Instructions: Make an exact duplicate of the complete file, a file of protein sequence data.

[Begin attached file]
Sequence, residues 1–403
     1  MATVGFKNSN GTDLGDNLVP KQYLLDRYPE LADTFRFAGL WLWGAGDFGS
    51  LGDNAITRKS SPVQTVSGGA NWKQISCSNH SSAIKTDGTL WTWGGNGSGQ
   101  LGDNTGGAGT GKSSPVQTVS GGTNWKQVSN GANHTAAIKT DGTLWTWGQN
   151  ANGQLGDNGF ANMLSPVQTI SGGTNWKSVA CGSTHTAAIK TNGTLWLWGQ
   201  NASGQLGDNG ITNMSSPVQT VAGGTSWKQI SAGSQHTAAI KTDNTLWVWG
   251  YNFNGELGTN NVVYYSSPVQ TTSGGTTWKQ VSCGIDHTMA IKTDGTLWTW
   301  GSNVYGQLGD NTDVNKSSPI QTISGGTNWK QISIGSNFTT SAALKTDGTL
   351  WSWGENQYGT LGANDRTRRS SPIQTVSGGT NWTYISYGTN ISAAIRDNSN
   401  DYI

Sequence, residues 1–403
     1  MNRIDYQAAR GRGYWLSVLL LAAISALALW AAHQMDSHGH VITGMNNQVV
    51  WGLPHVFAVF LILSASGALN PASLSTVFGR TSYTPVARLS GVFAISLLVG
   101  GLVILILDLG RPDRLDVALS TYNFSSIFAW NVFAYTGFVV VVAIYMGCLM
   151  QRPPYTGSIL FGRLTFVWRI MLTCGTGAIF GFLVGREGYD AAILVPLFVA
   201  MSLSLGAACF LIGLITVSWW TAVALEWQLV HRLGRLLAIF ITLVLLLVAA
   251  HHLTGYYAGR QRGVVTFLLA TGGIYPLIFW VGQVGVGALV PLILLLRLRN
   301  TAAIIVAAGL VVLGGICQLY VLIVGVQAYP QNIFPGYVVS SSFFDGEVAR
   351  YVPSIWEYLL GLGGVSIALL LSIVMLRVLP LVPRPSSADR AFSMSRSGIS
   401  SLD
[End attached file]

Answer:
Sequence, residues 1–403
     1  MATVGFKNSN GTDLGDNLVP KQYLLDRYPE LADTFRFAGL WLWGAGDFGS
    51  LGDNAITRKS SPVQTVSGGA NWKQISCSNH SSAIKTDGTL WTWGGNGSGQ
   101  LGDNTGGAGT GKSSPVQTVS GGTNWKQVSN GANHTAAIKT DGTLWTWGQN
   151  ANGQLGDNGF ANMLSPVQTI SGGTNWKSVA CGSTHTAAIK TNGTLWLWGQ
   201  NASGQLGDNG ITNMSSPVQT VAGGTSWKQI SAGSQHTAAI KTDNTLWVWG
   251  YNFNGELGTN NVVYYSSPVQ TTSGGTTWKQ VSCGIDHTMA IKTDGTLWTW
   301  GSNVYGQLGD NTDVNKSSPI QTISGGTNWK QISIGSNFTT SAALKTDGTL
   351  WSWGENQYGT LGANDRTRRS SPIQTVSGGT NWTYISYGTN ISAAIRDNSN
   401  DYI

Sequence, residues 1–403
     1  MNRIDYQAAR GRGYWLSVLL LAAISALALW AAHQMDSHGH VITGMNNQVV
    51  WGLPHVFAVF LILSASGALN PASLSTVFGR TSYTPVARLS GVFAISLLVG
   101  GLVILILDLG RPDRLDVALS TYNFSSIFAW NVFAYTGFVV VVAIYMGCLM
   151  QRPPYTGSIL FGRLTFVWRI MLTCGTGAIF GFLVGREGYD AAILVPLFVA
   201  MSLSLGAACF LIGLITVSWW TAVALEWQLV HRLGRLLAIF ITLVLLLVAA
   251  HHLTGYYAGR QRGVVTFLLA TGGIYPLIFW VGQVGVGALV PLILLLRLRN
   301  TAAIIVAAGL VVLGGICQLY VLIVGVQAYP QNIFPGYVVS SSFFDGEVAR
   351  YVPSIWEYLL GLGGVSIALL LSIVMLRVLP LVPRPSSADR AFSMSRSGIS
   401  SLD